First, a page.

In this week’s sheep farming segment, That’s Farming, speaks to the Ballyhegan flock. Denis Kavanagh, a Carlow sheep breeder, discusses juggling working as a steel fabricator, using four different sheep breeds, the benefits of crossbreeding, the growing demand for first-cross rams and purchasing rams overseas.
“The first ewe I bought off my father, Michael, was £60 35 years ago, and £60 that time would have been a week’s wages.”
Those are the words of sheep farmer, Denis Kavanagh, who farms a 50-acre enterprise with his wife, Pauline.
They farm 50 pedigree Charollais ewes, 20 pedigree Beltex ewes, five pedigree Suffolk ewes, five pedigree Bleu du Maine ewes, 50 commercial sheep and 20 Limousin-cross cattle.
In 2015, the couple from Mullins, Co Carlow established their Charollais flock with ten ewe lambs from Andrew Reilly.
In 2016, they began their pedigree Beltex flock with eight hoggets from TJ Gormley and two hoggets from Michael Lynch.
They cross their pedigree Bleu du Maine and Suffolk sheep with a Beltex.
In 2020, they founded their Suffolk flock with ewe lamb purchases from Brendan Fitzpatrick and their Bleu du Maine flock by investing in ewes from John Murphy.
They run all their sheep under the Ballyhegan flock prefix.
The husband and wife continue to introduce new bloodlines from notable Irish breeders to the flock but mainly breed their own sheep.
Carlow sheep breeder
Denis grew up on a farm with up to 170 Borris ewes and around 15 Angus-cross, Hereford-cross, Charolais-cross, and Limousin-cross suckler cows.
“Agriculture was always a route I was going to pursue in life. I am a self-employed steel fabricator as well, and growing up, I did not have an interest in pedigree sheep,” Denis Kavanagh, a 1996 Multyfarnham Agricultural College graduate, told That’s Farming.
“It was only when I started farming myself that I became interested in pedigree breeding because we only had a small farm.”
“However, I suppose I was interested in the pedigree sheep for a long time, and then when I got my own land, I bought the pedigree sheep.”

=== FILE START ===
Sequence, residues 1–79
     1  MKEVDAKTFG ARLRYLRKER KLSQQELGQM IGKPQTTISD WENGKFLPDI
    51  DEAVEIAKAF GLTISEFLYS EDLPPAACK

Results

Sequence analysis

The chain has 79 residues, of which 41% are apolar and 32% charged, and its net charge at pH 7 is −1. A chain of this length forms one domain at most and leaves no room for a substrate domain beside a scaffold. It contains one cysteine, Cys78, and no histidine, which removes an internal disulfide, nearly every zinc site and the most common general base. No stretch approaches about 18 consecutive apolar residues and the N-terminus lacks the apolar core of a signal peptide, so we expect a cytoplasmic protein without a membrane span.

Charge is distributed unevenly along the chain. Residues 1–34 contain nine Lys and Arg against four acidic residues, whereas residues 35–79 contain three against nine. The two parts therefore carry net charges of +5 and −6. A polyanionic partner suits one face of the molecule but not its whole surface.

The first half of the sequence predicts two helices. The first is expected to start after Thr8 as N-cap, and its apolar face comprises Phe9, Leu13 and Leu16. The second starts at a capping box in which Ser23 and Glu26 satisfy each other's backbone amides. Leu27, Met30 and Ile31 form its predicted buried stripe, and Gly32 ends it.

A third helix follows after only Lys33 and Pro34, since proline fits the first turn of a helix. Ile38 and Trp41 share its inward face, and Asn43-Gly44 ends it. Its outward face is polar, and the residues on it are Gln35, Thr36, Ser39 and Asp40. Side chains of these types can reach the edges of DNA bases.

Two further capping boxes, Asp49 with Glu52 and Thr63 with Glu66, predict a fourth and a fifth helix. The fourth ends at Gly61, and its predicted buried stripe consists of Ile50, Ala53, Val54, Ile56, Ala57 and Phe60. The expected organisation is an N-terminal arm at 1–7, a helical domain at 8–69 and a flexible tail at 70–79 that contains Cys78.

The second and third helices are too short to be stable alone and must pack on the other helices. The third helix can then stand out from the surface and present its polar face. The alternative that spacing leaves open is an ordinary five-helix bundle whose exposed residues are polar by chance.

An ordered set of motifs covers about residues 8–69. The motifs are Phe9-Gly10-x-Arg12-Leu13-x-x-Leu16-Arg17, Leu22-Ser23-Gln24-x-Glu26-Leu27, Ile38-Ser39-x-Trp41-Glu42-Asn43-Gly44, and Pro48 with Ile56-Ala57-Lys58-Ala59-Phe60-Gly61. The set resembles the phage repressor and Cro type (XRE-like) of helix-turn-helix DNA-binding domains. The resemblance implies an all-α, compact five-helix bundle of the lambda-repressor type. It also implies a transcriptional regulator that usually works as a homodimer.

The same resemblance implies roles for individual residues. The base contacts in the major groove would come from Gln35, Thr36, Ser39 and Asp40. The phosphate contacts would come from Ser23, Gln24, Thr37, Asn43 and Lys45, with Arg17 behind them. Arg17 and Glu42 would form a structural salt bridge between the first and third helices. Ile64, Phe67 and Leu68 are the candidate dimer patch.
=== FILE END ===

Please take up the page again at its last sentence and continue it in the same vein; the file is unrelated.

The husband and wife choose the Charollais breed for their easy lambing, maternal abilities, and fast growth rates.
They pick the Beltex breed because of all the above characteristics, their excellent muscle, cross-breeding abilities and kill-out performance.
Commenting on why they crossbreed, they said it gives extra size, hybrid vigour, muscle, and conformation to the rams.
The husband and wife have been using all stock rams for the past few years.
The first of three Charollais rams include Thackwood Highland in 2015 from the Thackwood flock, followed by 2018 Leelaw Thunderstuck and in September 2021, Leelaw Verstappen from the Leelaw flock at the Kelso ram sale.
The husband and wife let the ram out to groups of 15-20 ewes.
They also run a Beltex ram, Sheephaven Frankie, which they purchased during the summer of 2021 from Declan Robinson and a Milford ram from Declan Miley for commercial sheep.
“I have most of my rams for a good few years, and I know they are breeding.”
In recent years, they purchased two Charolais rams from Worcester at the British Charollais Sheep Society Worcester premier sale.
The husband-and-wife team lamb the pedigree Charollais ewes in the first week of January, Beltex ewes from January 20th and commercial sheep from the first week of April.
These lambing windows enable them to sell rams from mid-June onwards.